The Irish Assassins: Conspiracy, Revenge, and the Phoenix Park Murders That Stunned Victorian England, by Julie Kavanagh Call this a story of “historical true crime” told in a gripping narrative, another compelling story in the long saga of Irish-English bitterness. Disrupting a tentative moment of hope between Ireland and Britain, the impact of the assassinations of British officials was cataclysmic it destroyed a tentative peace pact, almost brought down the government, infuriated the Queen, shaped Irish politics for decades, and involved officials in Dublin, London, Paris, New York, and Cape Town, South Africa, among other locations. A long book, but fast-moving and definitely worth your time!


(Fiction Special) Dead of Night, by Simon Scarrow I loved this book! What happens when, one bitterly cold night in Berlin, an SS doctor is found dead in his study from an apparent self-inflicted gunshot wound? The official determination of the Reich is suicide but the doctor’s wife doesn’t believe it, and at the risk of arrest from the Gestapo, neither does Criminal Inspector Horst Schenke. OK, that’s all I can say except that the real-life history that is interwoven within the story narrative will shock you. Pick up this book as soon as you can, and clear your calendar for some reading time!!



November 1942 CoverNovember 1942: An Intimate History of the Turning Point of WWII, by Peter Englund – I thoroughly enjoyed this book, and my copy has the margin mark-ups, the underlinings, and the post-it notes to prove it! Englund takes a unique perspective in telling the story of what he argues is the “turning point month” of WWII (and it’s hard to argue with him) — rather than tell a 50,000-foot-view story on the epic nature of the month (Guadalcanal, North Africa, Stalingrad, progress on the atomic bomb, etc.), Englund focuses on individual people around the world and the experiences and hardships they faced. Consequently, there is no overarching narrative that stitches the whole story together — the reader experiences the story along with the shop keeper in Leningrad, the mother in Shanghai, the Jewish worker at Treblinka, the woman factory worker in Savannah, Georgia, and all the others. None has any idea of what is happening to the other as they simply try to stay alive in and make sense of their own worlds. Somehow it all works! Englund took a similar approach in his World War I “intimate portrayal,” called The Beauty and the Sorrow. You need to commit to this book (it’s long and meaty), but you’ll be glad you did!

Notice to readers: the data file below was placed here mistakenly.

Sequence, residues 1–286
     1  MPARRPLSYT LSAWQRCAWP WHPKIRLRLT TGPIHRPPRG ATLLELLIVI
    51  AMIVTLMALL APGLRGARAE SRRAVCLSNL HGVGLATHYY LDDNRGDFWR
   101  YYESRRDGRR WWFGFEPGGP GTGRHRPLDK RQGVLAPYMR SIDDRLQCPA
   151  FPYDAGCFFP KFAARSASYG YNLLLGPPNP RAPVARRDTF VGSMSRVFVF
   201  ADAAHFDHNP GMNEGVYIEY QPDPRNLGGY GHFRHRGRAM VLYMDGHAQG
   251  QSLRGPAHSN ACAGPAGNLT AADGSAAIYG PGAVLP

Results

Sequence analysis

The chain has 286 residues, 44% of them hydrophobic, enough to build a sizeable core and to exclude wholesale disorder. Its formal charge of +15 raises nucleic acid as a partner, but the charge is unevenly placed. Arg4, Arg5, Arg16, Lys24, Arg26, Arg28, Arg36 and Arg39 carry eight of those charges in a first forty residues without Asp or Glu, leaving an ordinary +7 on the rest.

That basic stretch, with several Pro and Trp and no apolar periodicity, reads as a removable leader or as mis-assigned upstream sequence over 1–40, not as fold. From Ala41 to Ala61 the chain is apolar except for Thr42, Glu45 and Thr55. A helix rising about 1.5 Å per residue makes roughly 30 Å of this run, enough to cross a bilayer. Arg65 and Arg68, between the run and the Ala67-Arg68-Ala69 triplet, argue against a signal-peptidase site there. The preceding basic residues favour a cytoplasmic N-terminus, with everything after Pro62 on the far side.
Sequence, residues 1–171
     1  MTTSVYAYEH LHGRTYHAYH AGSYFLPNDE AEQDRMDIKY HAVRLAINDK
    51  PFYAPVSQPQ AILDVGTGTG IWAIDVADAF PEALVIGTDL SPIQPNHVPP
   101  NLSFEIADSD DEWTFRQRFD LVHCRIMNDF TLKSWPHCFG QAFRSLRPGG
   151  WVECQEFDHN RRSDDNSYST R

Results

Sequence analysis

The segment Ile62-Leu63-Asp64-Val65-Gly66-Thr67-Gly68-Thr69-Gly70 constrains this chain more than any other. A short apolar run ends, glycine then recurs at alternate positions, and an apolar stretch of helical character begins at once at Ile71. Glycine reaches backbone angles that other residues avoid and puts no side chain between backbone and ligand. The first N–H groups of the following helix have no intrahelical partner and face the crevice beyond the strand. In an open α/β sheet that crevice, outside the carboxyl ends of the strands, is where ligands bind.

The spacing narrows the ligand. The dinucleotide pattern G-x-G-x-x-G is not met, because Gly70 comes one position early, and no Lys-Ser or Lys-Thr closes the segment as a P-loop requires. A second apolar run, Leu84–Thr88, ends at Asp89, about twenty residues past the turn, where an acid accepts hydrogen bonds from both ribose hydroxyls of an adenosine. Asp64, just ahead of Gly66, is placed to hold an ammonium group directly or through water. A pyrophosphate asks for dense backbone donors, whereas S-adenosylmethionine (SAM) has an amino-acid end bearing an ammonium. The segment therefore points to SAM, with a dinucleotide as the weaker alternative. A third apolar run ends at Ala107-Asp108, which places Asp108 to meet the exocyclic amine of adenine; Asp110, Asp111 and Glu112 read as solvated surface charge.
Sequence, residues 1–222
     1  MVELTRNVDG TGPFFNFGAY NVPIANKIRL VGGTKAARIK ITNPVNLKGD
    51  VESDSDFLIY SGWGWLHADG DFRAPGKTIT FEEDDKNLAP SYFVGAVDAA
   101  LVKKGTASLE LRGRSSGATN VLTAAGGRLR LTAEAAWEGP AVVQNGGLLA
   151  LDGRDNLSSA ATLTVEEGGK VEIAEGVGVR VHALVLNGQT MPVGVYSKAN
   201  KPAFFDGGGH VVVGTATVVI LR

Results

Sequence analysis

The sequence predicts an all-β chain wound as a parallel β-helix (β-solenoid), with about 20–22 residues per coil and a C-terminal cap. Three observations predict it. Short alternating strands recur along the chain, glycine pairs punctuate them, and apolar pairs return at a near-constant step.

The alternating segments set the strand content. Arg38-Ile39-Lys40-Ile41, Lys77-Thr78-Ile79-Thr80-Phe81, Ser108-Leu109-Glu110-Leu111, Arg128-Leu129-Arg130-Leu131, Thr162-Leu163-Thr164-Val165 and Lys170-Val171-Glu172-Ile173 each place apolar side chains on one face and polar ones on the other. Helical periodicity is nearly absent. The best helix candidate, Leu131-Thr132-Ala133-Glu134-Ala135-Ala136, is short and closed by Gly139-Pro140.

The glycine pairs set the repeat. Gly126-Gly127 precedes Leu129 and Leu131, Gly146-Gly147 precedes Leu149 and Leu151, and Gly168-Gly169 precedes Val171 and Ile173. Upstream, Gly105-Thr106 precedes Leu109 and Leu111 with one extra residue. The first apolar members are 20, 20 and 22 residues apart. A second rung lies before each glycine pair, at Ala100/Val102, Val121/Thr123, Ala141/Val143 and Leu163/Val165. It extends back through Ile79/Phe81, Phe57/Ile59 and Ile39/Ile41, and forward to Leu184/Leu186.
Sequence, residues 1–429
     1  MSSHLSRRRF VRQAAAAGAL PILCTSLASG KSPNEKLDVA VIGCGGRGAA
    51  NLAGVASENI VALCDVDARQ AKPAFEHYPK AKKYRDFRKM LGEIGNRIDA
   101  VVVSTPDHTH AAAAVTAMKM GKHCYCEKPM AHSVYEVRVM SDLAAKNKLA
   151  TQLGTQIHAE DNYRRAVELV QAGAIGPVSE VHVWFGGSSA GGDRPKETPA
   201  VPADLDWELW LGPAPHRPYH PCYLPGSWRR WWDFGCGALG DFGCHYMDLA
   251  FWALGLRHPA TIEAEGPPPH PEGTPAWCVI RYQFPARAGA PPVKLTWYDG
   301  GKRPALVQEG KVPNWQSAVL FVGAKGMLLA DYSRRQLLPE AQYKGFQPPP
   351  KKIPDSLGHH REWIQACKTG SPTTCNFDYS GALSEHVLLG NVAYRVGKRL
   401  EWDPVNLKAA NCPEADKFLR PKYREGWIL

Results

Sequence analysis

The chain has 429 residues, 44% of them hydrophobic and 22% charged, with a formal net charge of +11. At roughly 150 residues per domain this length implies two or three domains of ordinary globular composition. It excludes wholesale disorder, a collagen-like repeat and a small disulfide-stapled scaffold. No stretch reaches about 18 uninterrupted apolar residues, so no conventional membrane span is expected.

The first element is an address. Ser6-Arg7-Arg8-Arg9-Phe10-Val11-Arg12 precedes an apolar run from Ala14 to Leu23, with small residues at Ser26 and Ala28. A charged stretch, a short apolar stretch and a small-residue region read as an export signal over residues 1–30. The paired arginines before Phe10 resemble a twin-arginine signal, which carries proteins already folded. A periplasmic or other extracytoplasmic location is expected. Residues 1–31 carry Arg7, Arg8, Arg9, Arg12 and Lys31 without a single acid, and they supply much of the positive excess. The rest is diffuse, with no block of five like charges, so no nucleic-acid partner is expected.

Lincoln's God CoverLincoln’s God: How Faith Transformed a President and a Nation, by Joshua Zeitz – If you’re thinking to yourself, “What else can I possibly learn about Abraham Lincoln?” think again. I marked this book up throughout too and learned a great deal! The story arc traces Lincoln’s skepticism-to-near-evangelicalism about religion. First, he rejected his father’s strict Calvinist rules and became almost agnostic as a result, keeping organized religion at arm’s length and attending church only sporadically, even as a young man. But as he gets closer to and into the Presidency, and considers the issue of slavery, secession, and war, he evolves into a believer and harnesses religion to rally the nation — first to arms and then to abolish slavery (the war, he told Americans, was divine retribution for the sin of slavery). Lincoln made these religious themes the focus of his most important writing and speeches — the Emancipation Proclamation, the Gettysburg Address, and his memorable Second Inaugural.


Killers of the Flower Moon CoverKillers of the Flower Moon: The Osage Murders and the Birth of the FBI, by David Grann – I’ll admit that I’m late in reading this book, and I’ll also confess that it was the release of the movie that finally drove me to read it. What a story! Grann combines the history of the era (1920s and 1930s) with one of the most chilling crime conspiracies in American history — the murder of wealthy members of the Osage Nation in Oklahoma (who became so after oil was discovered under their land). As the death toll rises, the FBI steps in and its young director, J. Edgard Hoover, turns to a former Texas Ranger to infiltrate the conspirators and solve their crimes.


Murder AJ Cover